# Chapter 14 Coefficient Alpha

## 14.1 Intro

Coefficient Alpha (also known as Cronbach’s Alpha, but Cronbach disliked that association; Cronbach and Shavelson 2004) is considered a measure of internal consistency and can, if a set of severe assumptions is met, estimate the reliability of a set of items.

### 14.1.1 Example dataset

This example uses the Rosetta Stats example dataset “pp15” (see Chapter 1 for information about the datasets and Chapter 3 for an explanation of how to load datasets).

### 14.1.2 Variable(s)

From this dataset, this example uses variables highDose_AttGeneral_good, highDose_AttGeneral_prettig, highDose_AttGeneral_slim, highDose_AttGeneral_gezond & highDose_AttGeneral_spannend.

## 14.2 Input: jamovi

In the “Analyses” tab, click the “Factor” button and from the menu that appears, select “Reliability Analysis” as shown in Figure 14.1.

In the box at the left, select all variables you want to include in this analysis and move them to the box labelled “Items” using the button labelled with the rightward-pointing arrow as shown in Figure 14.2.

Because Coefficient Alpha (called Cronbach’s Alpha in the jamovi interface) has already been checked (see the left-most column at the bottom labelled “Scale Statistics”), you will immediately see Coefficient Alpha for the selected items appear in the table in jamovi’s Results pane on the right-hand side. You can now also order additional statistics, such as the value Coefficient Alpha would have if you were to omit each item, as shown in Figure 14.3.

## 14.3 Input: R

### 14.3.1 R: rosetta

rosetta::reliability(
data = dat,
items = c(
"highDose_AttGeneral_good",
"highDose_AttGeneral_prettig",
"highDose_AttGeneral_slim",
"highDose_AttGeneral_gezond",
"highDose_AttGeneral_spannend"
)
);

## 14.4 Input: SPSS

To compute Coefficient Alpha in SPSS, use the following command:

RELIABILITY
/VARIABLES =
highDose_AttGeneral_good
highDose_AttGeneral_prettig
highDose_AttGeneral_slim
highDose_AttGeneral_gezond
highDose_AttGeneral_spannend
/MODEL =
ALPHA.

To order additional information, such as descriptive statistics, inter-item correlations, and other scale statistics, you can specify additional options:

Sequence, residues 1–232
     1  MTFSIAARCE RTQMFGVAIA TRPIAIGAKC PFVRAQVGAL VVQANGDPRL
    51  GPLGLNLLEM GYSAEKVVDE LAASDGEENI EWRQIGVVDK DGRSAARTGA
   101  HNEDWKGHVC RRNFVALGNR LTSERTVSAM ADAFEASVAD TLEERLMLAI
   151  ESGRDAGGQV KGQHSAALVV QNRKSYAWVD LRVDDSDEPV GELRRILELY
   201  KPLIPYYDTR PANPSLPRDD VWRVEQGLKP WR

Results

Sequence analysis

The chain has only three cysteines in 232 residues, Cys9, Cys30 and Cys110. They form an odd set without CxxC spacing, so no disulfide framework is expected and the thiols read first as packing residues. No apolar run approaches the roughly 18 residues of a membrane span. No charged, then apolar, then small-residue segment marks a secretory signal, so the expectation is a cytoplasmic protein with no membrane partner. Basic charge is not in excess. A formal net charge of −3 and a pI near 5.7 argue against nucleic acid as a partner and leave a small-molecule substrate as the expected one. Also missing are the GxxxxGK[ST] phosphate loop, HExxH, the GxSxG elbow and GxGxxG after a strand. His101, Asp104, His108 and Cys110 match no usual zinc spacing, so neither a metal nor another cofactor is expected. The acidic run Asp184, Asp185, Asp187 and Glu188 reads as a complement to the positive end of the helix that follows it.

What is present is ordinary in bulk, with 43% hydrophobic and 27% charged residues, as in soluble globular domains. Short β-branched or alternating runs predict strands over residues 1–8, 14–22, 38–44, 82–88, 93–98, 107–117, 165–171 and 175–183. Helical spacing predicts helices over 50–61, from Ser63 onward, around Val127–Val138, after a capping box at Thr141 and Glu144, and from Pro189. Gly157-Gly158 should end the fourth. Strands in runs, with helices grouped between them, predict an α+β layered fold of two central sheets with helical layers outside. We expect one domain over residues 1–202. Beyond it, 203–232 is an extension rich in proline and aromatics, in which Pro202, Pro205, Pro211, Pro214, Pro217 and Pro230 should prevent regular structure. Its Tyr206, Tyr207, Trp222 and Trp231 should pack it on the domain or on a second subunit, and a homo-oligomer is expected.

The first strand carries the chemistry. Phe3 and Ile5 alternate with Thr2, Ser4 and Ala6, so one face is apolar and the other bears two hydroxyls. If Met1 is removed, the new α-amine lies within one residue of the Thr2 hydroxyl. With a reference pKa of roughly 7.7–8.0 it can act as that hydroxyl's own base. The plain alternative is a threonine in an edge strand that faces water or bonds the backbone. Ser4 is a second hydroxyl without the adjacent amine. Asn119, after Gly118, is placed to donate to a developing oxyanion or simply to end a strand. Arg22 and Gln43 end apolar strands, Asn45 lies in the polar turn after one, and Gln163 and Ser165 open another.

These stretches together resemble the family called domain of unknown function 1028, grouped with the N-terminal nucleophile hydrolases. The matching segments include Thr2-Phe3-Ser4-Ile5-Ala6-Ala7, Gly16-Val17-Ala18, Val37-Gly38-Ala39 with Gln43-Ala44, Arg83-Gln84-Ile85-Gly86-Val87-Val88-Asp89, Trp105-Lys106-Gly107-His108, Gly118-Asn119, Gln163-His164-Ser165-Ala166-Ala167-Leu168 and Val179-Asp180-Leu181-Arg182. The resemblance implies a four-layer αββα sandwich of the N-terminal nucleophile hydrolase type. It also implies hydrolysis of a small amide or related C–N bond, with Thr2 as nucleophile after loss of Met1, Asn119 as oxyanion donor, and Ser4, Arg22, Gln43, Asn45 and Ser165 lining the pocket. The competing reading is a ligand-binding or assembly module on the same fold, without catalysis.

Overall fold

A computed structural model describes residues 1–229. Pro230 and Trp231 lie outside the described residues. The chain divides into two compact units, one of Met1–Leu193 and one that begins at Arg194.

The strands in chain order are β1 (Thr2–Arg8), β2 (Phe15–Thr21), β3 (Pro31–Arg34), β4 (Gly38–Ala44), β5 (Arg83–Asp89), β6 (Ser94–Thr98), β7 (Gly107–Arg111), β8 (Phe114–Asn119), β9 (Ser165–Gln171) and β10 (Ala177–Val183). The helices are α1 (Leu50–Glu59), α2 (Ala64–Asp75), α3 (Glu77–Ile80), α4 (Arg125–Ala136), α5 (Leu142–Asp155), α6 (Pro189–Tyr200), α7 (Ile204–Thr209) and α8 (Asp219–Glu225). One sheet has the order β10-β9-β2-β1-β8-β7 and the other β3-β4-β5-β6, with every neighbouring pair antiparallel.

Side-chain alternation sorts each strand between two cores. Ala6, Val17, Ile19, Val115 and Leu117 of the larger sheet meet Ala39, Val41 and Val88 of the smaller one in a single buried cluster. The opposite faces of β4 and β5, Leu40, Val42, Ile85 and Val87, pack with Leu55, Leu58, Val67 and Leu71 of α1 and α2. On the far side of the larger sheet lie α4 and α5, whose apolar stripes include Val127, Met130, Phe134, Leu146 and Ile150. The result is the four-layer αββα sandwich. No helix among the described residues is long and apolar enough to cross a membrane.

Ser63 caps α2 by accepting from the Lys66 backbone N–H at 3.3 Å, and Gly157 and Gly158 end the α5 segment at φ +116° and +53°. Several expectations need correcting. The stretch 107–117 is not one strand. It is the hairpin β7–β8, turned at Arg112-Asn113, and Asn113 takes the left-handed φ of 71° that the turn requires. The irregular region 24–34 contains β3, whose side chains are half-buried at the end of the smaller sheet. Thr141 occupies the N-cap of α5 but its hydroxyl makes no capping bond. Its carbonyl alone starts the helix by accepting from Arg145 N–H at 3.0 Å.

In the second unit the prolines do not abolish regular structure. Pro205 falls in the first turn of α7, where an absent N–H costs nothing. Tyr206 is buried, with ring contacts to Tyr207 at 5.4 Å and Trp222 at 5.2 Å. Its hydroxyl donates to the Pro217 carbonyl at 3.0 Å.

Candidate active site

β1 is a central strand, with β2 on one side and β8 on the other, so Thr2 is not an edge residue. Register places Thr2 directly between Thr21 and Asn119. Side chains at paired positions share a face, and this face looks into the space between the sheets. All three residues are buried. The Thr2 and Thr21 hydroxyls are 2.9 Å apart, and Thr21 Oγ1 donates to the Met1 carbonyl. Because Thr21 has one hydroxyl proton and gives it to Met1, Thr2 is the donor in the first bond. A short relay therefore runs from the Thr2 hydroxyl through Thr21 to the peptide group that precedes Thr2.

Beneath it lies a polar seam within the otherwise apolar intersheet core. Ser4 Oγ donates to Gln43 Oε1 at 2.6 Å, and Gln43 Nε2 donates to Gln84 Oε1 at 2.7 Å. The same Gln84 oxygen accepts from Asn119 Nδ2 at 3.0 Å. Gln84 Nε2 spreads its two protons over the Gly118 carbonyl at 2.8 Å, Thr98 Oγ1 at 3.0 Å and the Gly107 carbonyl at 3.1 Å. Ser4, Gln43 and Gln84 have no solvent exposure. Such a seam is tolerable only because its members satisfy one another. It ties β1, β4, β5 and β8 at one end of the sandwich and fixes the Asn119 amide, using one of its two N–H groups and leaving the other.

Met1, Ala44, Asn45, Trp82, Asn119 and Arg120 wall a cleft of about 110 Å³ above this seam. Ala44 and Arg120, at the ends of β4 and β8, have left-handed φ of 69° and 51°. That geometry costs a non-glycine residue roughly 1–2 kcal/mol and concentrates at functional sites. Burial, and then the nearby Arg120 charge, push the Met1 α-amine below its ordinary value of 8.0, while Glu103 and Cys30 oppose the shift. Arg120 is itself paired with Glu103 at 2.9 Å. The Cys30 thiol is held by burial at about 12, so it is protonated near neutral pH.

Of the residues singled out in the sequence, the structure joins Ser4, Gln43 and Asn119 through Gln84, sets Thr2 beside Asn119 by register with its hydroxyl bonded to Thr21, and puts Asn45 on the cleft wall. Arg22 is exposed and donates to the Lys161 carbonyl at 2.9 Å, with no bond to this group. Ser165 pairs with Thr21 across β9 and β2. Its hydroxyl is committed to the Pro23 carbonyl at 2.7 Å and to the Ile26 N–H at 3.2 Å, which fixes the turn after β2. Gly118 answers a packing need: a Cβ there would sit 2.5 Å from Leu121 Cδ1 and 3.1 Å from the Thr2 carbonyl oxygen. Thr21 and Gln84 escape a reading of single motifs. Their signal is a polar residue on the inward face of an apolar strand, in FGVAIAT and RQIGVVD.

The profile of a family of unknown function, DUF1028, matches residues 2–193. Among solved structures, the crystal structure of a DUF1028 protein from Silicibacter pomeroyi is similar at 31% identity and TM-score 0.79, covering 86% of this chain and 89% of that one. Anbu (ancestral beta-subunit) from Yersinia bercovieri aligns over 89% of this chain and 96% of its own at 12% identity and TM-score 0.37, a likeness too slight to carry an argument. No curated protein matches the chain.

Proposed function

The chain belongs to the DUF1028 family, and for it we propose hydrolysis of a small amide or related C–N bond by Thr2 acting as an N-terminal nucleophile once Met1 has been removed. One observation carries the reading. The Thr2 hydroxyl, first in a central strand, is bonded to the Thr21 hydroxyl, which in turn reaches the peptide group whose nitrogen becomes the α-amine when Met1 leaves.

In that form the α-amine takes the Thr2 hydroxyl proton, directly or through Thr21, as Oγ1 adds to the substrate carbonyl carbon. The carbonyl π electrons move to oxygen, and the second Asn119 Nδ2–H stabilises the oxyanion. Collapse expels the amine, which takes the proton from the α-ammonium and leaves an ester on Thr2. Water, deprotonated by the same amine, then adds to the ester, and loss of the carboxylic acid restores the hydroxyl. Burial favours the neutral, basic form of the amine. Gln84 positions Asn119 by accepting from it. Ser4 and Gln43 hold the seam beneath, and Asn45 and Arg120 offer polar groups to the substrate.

RELIABILITY
/VARIABLES =
highDose_AttGeneral_good
highDose_AttGeneral_prettig
highDose_AttGeneral_slim
highDose_AttGeneral_gezond
highDose_AttGeneral_spannend
/MODEL = ALPHA
/STATISTICS = DESCRIPTIVE SCALE CORR
/SUMMARY = TOTAL.

## 14.6 Output: R

### 14.6.1 R: rosetta

#### 14.6.1.1 Reliability analysis

##### 14.6.1.1.1 Scale structure
###### 14.6.1.1.1.1 Scale structure

Dataframe: res\$data
Items: highDose_AttGeneral_good, highDose_AttGeneral_prettig, highDose_AttGeneral_slim, highDose_AttGeneral_gezond & highDose_AttGeneral_spannend
Observations: 303
Positive correlations: 10
Number of correlations: 10
Percentage positive correlations: 100

14.6.1.1.1.1.2 Estimates assuming interval level

Omega (total): 0.79
Omega (hierarchical): 0.80
Revelle’s Omega (total): 0.79
Greatest Lower Bound (GLB): 0.87
Coefficient H: 0.85
Coefficient Alpha: 0.78

Note: the normal point estimate and confidence interval for omega are based on the procedure suggested by Dunn, Baguley & Brunsden (2013) using the MBESS function ci.reliability, whereas the psych package point estimate was suggested in Revelle & Zinbarg (2008). See the help (‘?ufs::scaleStructure’) for more information.

## 14.7 Output: SPSS

The SPSS output still has to be added.

### References

Cronbach, Lee J., and Richard J. Shavelson. 2004. “My Current Thoughts on Coefficient Alpha and Successor Procedures.” Educational and Psychological Measurement 64 (3): 391–418. https://doi.org/10/bwg2pm.